Tim Burton remembers critics back in the day finding his take on Batman rather gloomy.
Mr. Burton's Dark Knight seemed to be having fun in the sun compared to where the current Batman series has taken the comic-book vigilante on the big screen.
"I recall, at the time, people worried about our version being too dark," Mr. Burton said of his 1989 "Batman" and the 1992 sequel "Batman Returns." "It's like, well, it looks like a lighthearted romp in comparison. 'Batman on Ice.' "
Opening next week, "The Dark Knight Rises" wraps up director Christopher Nolan's trilogy, which launched with 2005's "Batman Begins" and continued with 2008's "The Dark Knight."
Mr. Nolan elevated the superhero genre to grand proportions, with Christian Bale's Batman becoming a haunted wreck and a hunted fugitive unjustly condemned by the city to which he gave his all to protect.
Mr. Burton's Batman, played by Michael Keaton, was a dark soul, too, but the films had a levity and a campy quality that has diminished as today's stream of superhero flicks take their idols and action more seriously.
"The great thing about what comics have done is that you can take something and look at it in different ways," Mr. Burton said in an Associated Press interview at the Comic Con fan convention, where he showed off footage of his animated comedy "Frankenweenie," due out Oct. 7.
"It's like a folk tale or fairy tale. You can kind of revisit things and show things in a different way."
Mr. Burton, whose biggest commercial success began a decade after his Batman movies with such blockbusters as "Charlie and the Chocolate Factory" and "Alice in Wonderland," is revisiting one of his own early stories with "Frankenweenie."
The tale of a boy who resurrects his dead dog, Frankenstein-style, started as a live-action short film Mr. Burton directed in 1984. He has expanded on the story to create a feature-length black-and-white update using stop-motion animation, in which puppets are moved and photographed meticulously one frame at a time.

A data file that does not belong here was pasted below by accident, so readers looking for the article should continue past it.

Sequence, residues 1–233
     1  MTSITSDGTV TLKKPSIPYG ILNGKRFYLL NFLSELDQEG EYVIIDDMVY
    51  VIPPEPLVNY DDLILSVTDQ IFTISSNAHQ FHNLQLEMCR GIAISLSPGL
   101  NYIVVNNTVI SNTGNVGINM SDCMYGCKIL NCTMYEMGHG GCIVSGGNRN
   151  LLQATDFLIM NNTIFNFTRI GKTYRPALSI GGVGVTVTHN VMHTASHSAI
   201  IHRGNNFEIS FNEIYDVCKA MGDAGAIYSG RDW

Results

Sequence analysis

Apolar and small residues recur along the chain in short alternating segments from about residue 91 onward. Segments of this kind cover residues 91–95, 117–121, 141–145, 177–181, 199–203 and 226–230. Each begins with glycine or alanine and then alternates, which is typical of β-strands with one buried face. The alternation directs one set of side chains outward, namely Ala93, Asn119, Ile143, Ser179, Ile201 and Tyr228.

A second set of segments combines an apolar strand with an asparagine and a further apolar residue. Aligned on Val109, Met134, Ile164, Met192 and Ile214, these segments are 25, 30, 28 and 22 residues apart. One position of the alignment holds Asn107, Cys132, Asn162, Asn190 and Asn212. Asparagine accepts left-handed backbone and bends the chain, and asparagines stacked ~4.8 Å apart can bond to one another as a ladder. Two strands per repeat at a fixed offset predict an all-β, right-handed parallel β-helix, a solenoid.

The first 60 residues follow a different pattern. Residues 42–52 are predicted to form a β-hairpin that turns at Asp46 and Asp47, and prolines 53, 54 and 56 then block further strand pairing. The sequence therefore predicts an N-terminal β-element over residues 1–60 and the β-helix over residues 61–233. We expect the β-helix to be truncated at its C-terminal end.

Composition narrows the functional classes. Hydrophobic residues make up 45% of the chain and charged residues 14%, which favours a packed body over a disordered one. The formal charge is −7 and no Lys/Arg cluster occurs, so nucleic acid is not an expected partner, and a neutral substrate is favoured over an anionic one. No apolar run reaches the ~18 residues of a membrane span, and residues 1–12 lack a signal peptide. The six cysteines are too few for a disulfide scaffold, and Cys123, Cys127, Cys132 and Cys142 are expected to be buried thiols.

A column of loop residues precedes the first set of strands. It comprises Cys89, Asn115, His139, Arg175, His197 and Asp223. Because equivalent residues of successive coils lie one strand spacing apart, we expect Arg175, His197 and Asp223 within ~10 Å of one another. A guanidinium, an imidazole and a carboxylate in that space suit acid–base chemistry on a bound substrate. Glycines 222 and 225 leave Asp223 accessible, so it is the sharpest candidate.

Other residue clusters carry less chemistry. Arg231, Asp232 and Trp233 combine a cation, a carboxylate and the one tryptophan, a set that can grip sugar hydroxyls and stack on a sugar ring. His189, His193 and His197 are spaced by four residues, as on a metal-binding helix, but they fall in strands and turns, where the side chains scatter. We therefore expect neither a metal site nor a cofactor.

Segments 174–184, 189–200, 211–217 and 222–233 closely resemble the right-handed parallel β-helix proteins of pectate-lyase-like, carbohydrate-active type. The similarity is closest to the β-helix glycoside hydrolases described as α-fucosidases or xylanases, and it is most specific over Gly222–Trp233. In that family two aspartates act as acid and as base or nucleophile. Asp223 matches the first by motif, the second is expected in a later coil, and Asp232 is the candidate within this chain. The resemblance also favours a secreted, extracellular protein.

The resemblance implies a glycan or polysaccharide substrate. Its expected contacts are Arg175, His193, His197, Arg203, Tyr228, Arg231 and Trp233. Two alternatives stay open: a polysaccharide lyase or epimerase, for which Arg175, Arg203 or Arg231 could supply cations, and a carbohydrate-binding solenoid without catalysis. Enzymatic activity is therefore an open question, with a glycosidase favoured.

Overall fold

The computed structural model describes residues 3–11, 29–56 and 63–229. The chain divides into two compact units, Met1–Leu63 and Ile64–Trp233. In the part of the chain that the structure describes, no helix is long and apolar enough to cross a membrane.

"I felt quite grateful that I got to do the original in live action, because I was, A) a bad animator, and B) not very communicative, so it really forced me to talk," said Mr. Burton, whose "Frankenweenie" voice cast contains past collaborators, including Winona Ryder, Martin Landau, Catherine O'Hara and Martin Short. "If I'd done stop-motion at the time, which I don't think would have happened, I probably wouldn't have been able to move into live action like I did.
"So all these years later, to come back and to do it in, I think, its more pure form, stop-motion, exploring other kids, other monsters, weird teachers, things related to the story that were kind of rattling around, made it feel like it was a new thing. I didn't feel like I was just revisiting something. It felt like it was a whole new project."
Bond's Q to make return in latest film, 'Skyfall'
There's good news for gadget-loving James Bond fans — Q is back.
Producers have confirmed that the MI6 quartermaster and expert in high-tech trickery will return in the upcoming Bond film, "Skyfall."